Mr. Cone’s Spring Ornithology Class Begins!
Guest Post by Sabrina Appleby ’17
As we donned our binoculars and prepped for our second outing in Mr. Cone’s Biology 421 Ornithology class, none other than Mr. Cone himself pointed out the rare sighting of a male downy woodpecker from the window of our classroom. This particular bird, according to Mr. Cone, does not often visit the bird-feeder by Gelb, but, that day, we were lucky enough to catch it. With its stark red field mark, Mr. Cone could immediately tell it was a male. The class watched as the bird climbed its way up the feeder, using its sharp tail as a “third foot.”
This is how our outings usually begin. We start from Gelb and make our way around campus, going from one bird feeder to the next, with the hopes of sighting a new bird or observing the behaviors of ones already familiar to us. We have already seen a number of chickadees and become especially accustomed to hearing their high pitched “dee-dee-dee” call. In addition, robins, white-breasted nuthatches, and tufted titmice have frequented our campus skies. Even some less common birds have paid a visit: a male and female house finch and a cardinal. When we made our way over to Rabbit Pond, we found two Canada Geese cleaning their wings in the water, ducking their heads and turning upside down. I was able to get a photo through the “binocs” (as Mr. Cone calls them) on my phone. If you look closely, there’s a mallard duck sleeping on the cluster of rocks.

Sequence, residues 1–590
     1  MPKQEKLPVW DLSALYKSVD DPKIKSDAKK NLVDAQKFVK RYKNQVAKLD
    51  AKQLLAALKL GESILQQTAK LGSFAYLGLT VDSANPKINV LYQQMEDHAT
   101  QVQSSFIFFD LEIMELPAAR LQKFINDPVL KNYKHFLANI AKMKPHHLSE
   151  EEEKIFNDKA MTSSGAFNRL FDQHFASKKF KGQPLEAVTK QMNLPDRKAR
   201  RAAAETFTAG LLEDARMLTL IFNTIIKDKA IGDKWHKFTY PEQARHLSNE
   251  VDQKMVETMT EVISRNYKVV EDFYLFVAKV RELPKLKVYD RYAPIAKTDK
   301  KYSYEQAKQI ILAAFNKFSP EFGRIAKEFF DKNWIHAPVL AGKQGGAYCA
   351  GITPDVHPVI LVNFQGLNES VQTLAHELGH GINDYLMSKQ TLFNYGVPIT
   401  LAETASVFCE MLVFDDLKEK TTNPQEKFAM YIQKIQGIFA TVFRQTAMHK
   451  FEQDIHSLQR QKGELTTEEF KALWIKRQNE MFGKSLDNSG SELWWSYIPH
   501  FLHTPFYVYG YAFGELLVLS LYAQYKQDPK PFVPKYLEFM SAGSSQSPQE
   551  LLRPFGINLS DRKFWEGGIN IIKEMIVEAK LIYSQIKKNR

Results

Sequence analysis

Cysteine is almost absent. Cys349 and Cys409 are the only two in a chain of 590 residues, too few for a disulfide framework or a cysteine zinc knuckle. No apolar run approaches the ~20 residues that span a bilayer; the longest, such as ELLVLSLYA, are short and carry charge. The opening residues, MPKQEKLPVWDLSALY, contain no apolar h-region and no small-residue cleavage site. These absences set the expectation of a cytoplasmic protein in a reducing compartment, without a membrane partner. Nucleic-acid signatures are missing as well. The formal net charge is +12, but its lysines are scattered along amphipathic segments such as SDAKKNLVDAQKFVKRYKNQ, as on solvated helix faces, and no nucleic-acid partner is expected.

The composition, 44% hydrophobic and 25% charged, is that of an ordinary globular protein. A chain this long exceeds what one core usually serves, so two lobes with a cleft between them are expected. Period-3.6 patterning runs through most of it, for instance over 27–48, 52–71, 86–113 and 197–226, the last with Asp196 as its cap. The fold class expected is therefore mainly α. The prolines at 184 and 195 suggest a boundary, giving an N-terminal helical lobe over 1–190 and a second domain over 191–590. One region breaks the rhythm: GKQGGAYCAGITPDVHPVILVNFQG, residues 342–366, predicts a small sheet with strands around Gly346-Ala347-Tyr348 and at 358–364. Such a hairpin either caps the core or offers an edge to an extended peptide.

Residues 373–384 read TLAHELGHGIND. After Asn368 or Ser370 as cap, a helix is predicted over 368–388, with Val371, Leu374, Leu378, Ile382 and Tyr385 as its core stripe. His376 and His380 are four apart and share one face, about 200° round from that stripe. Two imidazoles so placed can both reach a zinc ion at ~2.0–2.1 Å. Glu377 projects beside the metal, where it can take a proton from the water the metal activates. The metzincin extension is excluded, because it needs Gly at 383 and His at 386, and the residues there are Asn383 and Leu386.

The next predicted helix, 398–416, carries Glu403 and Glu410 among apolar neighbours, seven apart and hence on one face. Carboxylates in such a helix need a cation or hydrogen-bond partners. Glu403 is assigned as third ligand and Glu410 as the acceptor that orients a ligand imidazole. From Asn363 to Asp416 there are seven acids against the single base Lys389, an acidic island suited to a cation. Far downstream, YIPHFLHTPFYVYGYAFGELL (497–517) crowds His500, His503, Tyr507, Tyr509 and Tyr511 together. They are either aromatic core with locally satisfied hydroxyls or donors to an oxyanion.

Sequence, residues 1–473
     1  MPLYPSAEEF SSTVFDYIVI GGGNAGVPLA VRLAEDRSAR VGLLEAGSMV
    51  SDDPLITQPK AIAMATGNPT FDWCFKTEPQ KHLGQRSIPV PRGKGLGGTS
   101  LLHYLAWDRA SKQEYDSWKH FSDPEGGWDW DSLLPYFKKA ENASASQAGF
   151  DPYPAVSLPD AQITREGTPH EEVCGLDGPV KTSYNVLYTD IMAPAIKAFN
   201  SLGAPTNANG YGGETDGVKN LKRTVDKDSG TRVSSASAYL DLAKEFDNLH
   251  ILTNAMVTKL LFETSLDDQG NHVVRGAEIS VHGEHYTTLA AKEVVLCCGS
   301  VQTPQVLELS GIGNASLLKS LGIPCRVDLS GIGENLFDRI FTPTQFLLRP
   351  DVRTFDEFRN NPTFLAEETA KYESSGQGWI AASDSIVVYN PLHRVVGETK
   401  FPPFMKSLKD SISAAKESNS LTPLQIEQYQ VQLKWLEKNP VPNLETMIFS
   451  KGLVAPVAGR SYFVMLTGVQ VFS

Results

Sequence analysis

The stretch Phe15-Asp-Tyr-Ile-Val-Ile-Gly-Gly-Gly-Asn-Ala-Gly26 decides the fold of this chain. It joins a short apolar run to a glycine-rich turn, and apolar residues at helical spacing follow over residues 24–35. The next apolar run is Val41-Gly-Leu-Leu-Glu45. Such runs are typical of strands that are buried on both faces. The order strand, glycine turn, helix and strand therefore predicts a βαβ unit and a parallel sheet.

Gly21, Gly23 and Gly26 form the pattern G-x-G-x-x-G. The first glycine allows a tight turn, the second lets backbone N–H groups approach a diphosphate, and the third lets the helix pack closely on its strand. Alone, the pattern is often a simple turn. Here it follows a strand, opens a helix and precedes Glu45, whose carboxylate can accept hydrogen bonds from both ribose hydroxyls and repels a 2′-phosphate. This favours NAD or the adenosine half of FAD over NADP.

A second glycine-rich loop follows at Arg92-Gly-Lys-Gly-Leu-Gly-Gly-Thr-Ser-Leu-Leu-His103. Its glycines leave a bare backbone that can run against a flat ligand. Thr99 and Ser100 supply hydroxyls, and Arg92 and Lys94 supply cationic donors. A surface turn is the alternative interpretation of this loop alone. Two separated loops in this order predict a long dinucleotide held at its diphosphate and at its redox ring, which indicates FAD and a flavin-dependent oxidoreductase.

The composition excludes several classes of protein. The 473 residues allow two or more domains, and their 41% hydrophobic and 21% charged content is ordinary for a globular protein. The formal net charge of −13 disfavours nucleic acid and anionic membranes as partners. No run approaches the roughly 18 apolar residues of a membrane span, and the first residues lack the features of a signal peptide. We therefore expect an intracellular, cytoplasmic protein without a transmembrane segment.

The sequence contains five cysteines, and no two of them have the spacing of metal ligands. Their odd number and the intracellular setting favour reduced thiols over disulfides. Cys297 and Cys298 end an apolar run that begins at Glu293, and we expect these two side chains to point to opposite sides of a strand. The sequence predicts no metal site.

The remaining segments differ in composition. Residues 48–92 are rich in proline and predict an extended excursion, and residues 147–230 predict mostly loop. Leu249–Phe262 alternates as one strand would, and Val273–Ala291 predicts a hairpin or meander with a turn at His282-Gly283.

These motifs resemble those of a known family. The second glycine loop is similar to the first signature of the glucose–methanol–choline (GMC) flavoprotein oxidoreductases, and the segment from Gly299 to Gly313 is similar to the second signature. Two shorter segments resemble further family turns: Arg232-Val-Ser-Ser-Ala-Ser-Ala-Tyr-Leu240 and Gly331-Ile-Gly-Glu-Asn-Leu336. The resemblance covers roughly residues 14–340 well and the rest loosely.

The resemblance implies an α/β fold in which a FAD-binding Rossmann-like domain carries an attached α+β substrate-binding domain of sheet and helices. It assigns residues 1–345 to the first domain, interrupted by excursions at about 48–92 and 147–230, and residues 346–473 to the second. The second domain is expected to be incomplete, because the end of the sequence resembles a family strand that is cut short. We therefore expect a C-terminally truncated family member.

On our walks, Mr. Cone encourages us to not only be on the lookout for birds, but also to take some time to enjoy nature. In our world, it takes more effort to go outside than to revert to our tendencies to stay inside. Mr. Cone’s class not only gives us the opportunity to learn about birds, but also it reminds us how much we take nature for granted. I imagine that by the end of this term, my classmates and I will have taken the time to reconnect with nature and develop a greater appreciation for all the beauty that birds have to offer.